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Study Links Assault Injuries, Guns and Substance Abuse in Youth

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Teens and young adults who are treated in the emergency room for injury from an assault, who own or carry a gun, are more likely to have problems with substance abuse and aggressive behavior than those without guns, a new study finds.

Researchers from the University of Michigan Injury Center studied 689 teens and young adults who were treated in an emergency room for injuries from an assault. They found 23 percent reported they owned or carried a gun in the past six months. Those with guns were more likely than those without them to use illegal drugs or misuse prescription drugs, the researchers report in the journal Pediatrics. They were also more likely to have been in a serious fight in recent months, and to approve of retaliation after an injury, PsychCentral reports.

“This study zeroes in on a high-risk population of assault injured youth that has not been studied in this way previously,” lead author Patrick Carter, M.D., said in a news release. “The high rates of substance use, fighting and attitudes favoring retaliation, combined with the fact that so many of these youth had firearms, increases their risk for future firearm violence, as well as injury or death. But, our findings also provide an opportunity for public health interventions that could decrease their future firearm violence risk.”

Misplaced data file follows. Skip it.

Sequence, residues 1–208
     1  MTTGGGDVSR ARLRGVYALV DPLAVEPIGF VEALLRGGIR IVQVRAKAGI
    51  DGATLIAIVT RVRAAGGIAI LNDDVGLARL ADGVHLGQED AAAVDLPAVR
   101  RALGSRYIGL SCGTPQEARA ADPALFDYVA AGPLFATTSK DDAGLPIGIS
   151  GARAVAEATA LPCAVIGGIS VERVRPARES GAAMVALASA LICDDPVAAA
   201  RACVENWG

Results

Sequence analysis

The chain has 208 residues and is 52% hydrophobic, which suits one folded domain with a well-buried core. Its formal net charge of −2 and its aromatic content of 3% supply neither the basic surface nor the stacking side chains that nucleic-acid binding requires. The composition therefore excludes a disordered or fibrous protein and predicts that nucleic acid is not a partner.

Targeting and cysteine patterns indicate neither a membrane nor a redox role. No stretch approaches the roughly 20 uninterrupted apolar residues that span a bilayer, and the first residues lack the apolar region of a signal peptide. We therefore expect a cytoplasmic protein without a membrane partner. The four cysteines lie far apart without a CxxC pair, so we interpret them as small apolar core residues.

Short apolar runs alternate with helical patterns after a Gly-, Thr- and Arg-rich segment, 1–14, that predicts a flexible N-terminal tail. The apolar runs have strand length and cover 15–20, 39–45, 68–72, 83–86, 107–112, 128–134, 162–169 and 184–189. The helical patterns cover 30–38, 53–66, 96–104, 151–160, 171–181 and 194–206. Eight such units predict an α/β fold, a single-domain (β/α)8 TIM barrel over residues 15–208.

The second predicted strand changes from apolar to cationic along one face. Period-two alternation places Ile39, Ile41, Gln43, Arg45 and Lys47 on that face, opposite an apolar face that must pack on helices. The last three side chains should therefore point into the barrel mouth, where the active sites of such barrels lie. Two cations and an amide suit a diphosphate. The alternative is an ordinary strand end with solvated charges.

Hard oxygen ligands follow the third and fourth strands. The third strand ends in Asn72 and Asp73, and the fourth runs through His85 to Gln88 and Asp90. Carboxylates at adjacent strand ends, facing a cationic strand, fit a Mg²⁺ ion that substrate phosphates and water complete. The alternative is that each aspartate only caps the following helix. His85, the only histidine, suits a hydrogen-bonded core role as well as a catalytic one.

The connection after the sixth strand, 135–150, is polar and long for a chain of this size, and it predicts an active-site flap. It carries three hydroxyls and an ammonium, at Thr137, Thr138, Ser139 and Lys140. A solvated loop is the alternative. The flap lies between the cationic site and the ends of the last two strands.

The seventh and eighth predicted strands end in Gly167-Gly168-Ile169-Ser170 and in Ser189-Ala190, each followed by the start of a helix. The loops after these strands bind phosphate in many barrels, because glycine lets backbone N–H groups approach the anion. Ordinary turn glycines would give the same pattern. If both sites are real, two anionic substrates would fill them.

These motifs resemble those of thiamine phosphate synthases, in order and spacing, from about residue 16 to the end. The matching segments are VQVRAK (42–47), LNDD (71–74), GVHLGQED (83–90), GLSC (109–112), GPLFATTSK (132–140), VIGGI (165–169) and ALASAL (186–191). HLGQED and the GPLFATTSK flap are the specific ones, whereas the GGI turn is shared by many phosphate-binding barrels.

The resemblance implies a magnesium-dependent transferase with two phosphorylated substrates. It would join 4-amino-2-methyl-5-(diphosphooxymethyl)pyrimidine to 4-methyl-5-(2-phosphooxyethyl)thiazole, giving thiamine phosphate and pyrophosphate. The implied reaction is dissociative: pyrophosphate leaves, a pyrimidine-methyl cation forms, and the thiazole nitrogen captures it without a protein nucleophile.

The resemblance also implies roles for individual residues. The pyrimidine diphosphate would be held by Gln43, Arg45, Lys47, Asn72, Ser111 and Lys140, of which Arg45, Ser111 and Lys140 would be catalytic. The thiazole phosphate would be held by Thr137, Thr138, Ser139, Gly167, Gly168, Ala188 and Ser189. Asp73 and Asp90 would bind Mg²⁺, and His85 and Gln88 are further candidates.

3 Responses to this article

  1. Avatar of saul
    saul / July 11, 2013 at 3:23 pm

    I can completely relate. When I was 13, I had my taste of marijuana. About two years later I tried Vicodin. I fell in love with it and become addicted by the time I was 18. I used opiates until the age of 32 with very very brief intervals of sobriety in between. Now I’m 8 years sober and I’ve helped other people get sober too. I really can help. I’ve been there myself. I know how hard it is. Feel free to call me or text me and I’d be happy to talk to you for a while and offer some support. Here’s my number (561)-706-6236. My (real) name is Saul.

  2. Avatar of Jessica N
    Jessica N / July 10, 2013 at 1:15 pm

    I think this study is a great starting point for finding better violence-prevention methods. However, this article spins the study as linking guns to drugs in a cause and effect way. As in, if a teen owns a gun, then they are more likely to abuse drugs. The study does not make that charge. See the conclusion of the study here: http://pediatrics.aappublications.org/content/early/2013/07/02/peds.2013-0163
    There is a lifestyle being studied here and with that lifestyle comes violence, weapons and drugs. Did the drug use come first or the guns…chicken or egg? Or is it an instance of all illegal activity being accepted and encouraged? Did guns come before the violent behavior or vice versa?
    I just think this is a very misleading heading and interpretation of the study.

  3. Jim Sharp / July 11, 2013 at 8:49 am

    Correlation does not imply causation. The summary of the study only presents the linkage and does not address the issue of directionality.

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